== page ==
China is betting big on hydrogen fuel, and is using the Winter Olympics as a showcase for the technology. The Olympic torch burned a hydrogen flame, and more than 1,000 hydrogen fuel cell vehicles, emitting nothing but water vapor and warm air, are plying the roads between Beijing’s Olympics venues.
To power the fleet of hydrogen fuel cell buses, oil company Shell worked with Zhangjiakou City Transport to develop a 20 megawatt (MW) green hydrogen facility in Zhangjiakou, northwest of Beijing. It’s one of the largest green hydrogen electrolysers in the world, and one of two in Zhangjiakou, a ski resort area where many Olympics events are taking place. Shell expects the facility to provide about half of the Olympics’ green hydrogen fuel needs.
Sinopec, an oil and gas company also known as China Petroleum and Chemical Corporation, will also provide hydrogen for the Olympics. While Sinopec did not specify what type of hydrogen will be at their pumps, the Chinese oil major is building out a national network of over 1,000 hydrogen fuel pumps, and filling those with fossil fuel-based hydrogen—whose carbon emissions can be as much as 3-6 times higher than just burning gasoline in a conventional combustion engine. Its first green hydrogen facility in Inner Mongolia is only expected to go online some time in 2022.
Green vs. gray hydrogen
Hydrogen used in fuel cells to power transport emits no greenhouse gases. But emissions are generated during the production of hydrogen. There is a dangerously wide gap in emissions between different types of hydrogen—undercutting hydrogen’s promise as a “green” fuel.
Green hydrogen is produced in electrolysers, which uses electricity to split water into hydrogen and oxygen. When electrolyses are powered by wind or solar energy, carbon isn’t emitted to produce the hydrogen, delivering on its promise of being better for the environment than fossil fuels. Right now, out of the 25 million metric tons of hydrogen that China produces, only about 1% is green hydrogen.
About 62% is black hydrogen, made by burning coal, the fossil fuel with the highest carbon emissions. When hydrogen is produced from coal, each kilo of hydrogen produced results in 18–20 kg of C02 emissions, according to a study cited by the industry outlet Recharge.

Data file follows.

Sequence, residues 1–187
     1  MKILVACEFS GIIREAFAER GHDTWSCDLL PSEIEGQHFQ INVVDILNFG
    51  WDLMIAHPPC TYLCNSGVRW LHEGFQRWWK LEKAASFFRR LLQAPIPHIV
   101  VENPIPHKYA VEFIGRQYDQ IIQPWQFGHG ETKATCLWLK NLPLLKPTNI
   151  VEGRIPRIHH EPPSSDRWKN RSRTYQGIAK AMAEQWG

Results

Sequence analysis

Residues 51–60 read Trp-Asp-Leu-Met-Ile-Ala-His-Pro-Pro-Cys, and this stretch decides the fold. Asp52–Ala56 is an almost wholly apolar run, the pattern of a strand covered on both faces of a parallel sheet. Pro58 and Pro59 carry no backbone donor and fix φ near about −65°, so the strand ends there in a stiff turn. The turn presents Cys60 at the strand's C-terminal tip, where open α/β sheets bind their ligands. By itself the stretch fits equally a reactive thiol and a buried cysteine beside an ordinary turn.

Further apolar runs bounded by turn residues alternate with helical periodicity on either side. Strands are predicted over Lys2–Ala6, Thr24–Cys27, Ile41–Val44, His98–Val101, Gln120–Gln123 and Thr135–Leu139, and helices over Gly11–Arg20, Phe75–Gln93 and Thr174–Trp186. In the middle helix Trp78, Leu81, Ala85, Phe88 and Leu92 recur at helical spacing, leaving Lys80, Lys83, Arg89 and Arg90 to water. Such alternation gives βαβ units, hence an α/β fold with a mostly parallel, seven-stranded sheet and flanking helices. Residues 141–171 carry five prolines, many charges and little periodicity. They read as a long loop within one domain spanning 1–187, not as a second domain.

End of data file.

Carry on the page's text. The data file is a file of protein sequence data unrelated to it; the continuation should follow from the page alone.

A kilogram of gasoline when burned emits about 3.5 kg of carbon dioxide (CO2) emissions. That means hydrogen vehicles fueled up with black hydrogen are associated with 6 times more CO2 emissions than those of a standard gasoline-burning bus. (Not including the emissions generated by extracting and refining gas, or mining coal.)
Another 19% of China’s annual hydrogen output is gray, produced from natural gas, which emits 8-12 kg of CO2 for every kilo of hydrogen produced.
China argues that using black and gray hydrogen is necessary to supply the market and bring prices down as the industry ramps up its green hydrogen capacity, in line with state priorities. So despite the current lack of green hydrogen supply, China is pressing ahead with demonstration projects backed by government subsidies. As of last year, there are more than 35 hydrogen projects across China, much of it fueled by gray or black hydrogen.
Hydrogen busses are already falling out of favor
As the emerging hydrogen fuel cell industry finds its way, there will be applications for hydrogen, but its potential role in land transportation may be fading as electric batteries improve.
The argument for hydrogen buses and trucks was that they could be refueled within minutes, and energy-dense fuel cells meant they could power vehicles for longer distances than electric-battery fueled heavy vehicles. However, batteries are getting larger and can charge faster, as quickly as 15 minutes. A study in Nature argued that it is time to invest in electric rather than hydrogen fuel cell vehicles and pumping stations.
Falling battery prices mean that electric vehicles could prove more efficient and cheaper. Indeed, Montpellier, France, scrapped a plan for 50 hydrogen buses (and a matching green hydrogen electrolyser) last month, after it worked out that electric buses would be six times cheaper.
This alternative is one that China already dominates—the country has more than 400,000 electric buses, more than anywhere else in the world. And it’s already exporting them globally.